Seven Decade Programmable Resistor

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[Gerry Sweeney] was tired of messing around with resistors while prototyping his projects, so he decided he wanted a resistor decade box. The problem is they are typically big and rather expensive ($100+). Unhappy with the selection available for purchase, he decided to design his own.

In the accompanying video, he shows off his first attempt after being inspired by a past post we covered that used a combination of resistors and thumbwheel decimal switches. He modified the design a bit and used surface mount resistors instead, which made for a fairly compact and convenient seven decade resistor box. But he still wasn’t happy with it.

He decided to design his own PCB instead. The simple design utilizes surface mount resistors to conserve space, and jumpers to select the resistance. No bulky switches get in the way and it’s fairly cheap to produce.

Check out the great video explanation of the project after the break. He also shows off the insides of a commercial resistor decade box!

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RepRap Simpson puts a new spin on delta RepRaps

ReprapSimpson

Just when you think you’ve seen it all in the 3D printer world, something new pops up! [Nicholas Seward] posted a video of RepRap Simpson, his latest project.  Simpson is a delta robot – but unlike any delta we’ve seen before. Previous offerings vertical rails on which the arms travel. As you can see, this design mounts three articulated arms directly to the base of the printer, using steel cables as part of the joint mechanism.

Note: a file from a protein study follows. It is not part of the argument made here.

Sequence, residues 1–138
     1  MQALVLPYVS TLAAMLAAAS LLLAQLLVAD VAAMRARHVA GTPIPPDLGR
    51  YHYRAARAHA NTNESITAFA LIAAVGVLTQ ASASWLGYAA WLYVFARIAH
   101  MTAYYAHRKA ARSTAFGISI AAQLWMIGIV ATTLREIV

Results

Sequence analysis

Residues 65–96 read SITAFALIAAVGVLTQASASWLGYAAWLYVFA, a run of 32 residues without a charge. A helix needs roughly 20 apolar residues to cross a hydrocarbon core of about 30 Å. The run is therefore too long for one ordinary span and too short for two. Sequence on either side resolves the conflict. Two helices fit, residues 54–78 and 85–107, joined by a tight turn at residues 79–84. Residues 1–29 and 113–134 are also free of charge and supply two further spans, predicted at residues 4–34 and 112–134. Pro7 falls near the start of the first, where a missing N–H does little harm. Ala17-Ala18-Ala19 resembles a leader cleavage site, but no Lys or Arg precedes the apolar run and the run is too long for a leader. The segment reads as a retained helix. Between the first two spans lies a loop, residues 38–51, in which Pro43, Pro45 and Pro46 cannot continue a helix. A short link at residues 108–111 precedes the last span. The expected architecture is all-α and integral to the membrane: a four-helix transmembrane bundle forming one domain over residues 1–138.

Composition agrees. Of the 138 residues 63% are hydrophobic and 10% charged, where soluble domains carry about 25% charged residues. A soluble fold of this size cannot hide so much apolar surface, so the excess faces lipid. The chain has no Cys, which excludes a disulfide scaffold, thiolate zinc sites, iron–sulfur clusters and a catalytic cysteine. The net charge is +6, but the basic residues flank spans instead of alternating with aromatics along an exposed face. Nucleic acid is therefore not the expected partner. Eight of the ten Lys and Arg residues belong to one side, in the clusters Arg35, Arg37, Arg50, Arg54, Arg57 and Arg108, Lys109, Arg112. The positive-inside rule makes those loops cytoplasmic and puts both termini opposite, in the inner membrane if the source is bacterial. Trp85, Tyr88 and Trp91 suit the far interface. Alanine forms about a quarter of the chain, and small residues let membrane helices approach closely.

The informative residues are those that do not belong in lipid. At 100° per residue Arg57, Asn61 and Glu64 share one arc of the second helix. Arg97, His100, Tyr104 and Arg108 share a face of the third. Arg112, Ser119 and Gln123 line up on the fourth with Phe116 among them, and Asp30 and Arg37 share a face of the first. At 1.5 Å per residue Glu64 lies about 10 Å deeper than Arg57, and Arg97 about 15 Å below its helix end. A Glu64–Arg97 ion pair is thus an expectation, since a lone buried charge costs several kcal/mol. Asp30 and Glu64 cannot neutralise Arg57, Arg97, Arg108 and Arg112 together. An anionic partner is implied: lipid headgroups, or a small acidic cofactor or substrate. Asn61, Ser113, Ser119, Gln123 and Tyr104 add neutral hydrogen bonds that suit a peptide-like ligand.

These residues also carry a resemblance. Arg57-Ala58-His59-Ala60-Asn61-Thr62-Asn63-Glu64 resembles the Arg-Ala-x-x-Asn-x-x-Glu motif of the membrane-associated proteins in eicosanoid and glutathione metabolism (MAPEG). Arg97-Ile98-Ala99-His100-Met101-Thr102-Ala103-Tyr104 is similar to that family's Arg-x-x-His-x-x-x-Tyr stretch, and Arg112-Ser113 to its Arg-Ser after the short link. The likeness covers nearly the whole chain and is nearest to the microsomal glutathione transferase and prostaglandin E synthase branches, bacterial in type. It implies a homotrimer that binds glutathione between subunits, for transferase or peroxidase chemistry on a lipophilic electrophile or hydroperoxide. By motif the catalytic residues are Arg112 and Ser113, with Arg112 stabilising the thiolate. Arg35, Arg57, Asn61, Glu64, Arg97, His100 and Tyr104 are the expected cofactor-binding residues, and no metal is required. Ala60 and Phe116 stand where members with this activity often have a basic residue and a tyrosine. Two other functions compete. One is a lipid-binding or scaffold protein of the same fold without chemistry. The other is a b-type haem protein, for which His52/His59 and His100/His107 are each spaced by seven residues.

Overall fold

Judging by [Nicholas'] posts on the RepRap forums, Simpson’s grounded delta design has already gone through a few revisions. The basic geometry though, has remained the same. [Nicholas] calls this edition a “Proportional Gear Drive Joint Simpson”. The name may not roll off the tongue, but the movements are incredibly smooth, organic, and fast.

As with any delta design inverse kinematics play a huge role in the software. [Nicholas] is trying to simplify this with an optical calibration system. For the adventurous, the equations are posted on the forums, and a python Gcode preprocessor is posted on Thingiverse.

Even Simpson’s base received special attention.  It’s built from a water jet cut piece of basalt.  We like the use of opposed helical gears on the large joints, as well as the guitar machine heads used to tension the cable drive. One thing we are not sure of is the longevity of system – will cable stretch play an issue? Will the printed parts suffer wear from the cables? Only time will tell.

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Functional NES controller coffee table

For reddit user [the_masked_cabana], button mashing has taken on a whole new meaning.  His gigantic NES controller coffee table makes it hard to punch in the Konami code without breaking a sweat.

Even before discussing the electricals, this is one impressive build.  Each component was cut from multiple layers of MDF and assembled with screws, glue, and putty.  Once they were sanded smooth, he used layers of carefully applied Krylon paint to achieve a plastic sheen that is remarkably faithful to its 5″ counterpart.  For the more precise lettering, custom cut vinyl stickers did the trick.

Of course, looking the part is only half the battle.  Tearing apart an original NES controller, he soldered wires to the button connections and ran them to eight arcade style buttons located under the replica button covers.  A collection of bolts and springs keep everything aligned and produce the right kind of tactile feedback to the user.  A removable cable in the back provides the connection to the console.

If a four foot NES controller isn’t practical enough for you, he also added some storage space in the base and a removable glass cover that converts the controller into a coffee table.  For more details on the build, check out the reddit discussion.  You can also find an eerily similar working NES controller table in this geeky coffee table roundup from five years ago.

The Bitbox Console: an Open Source Gaming Rig

Bitbox Console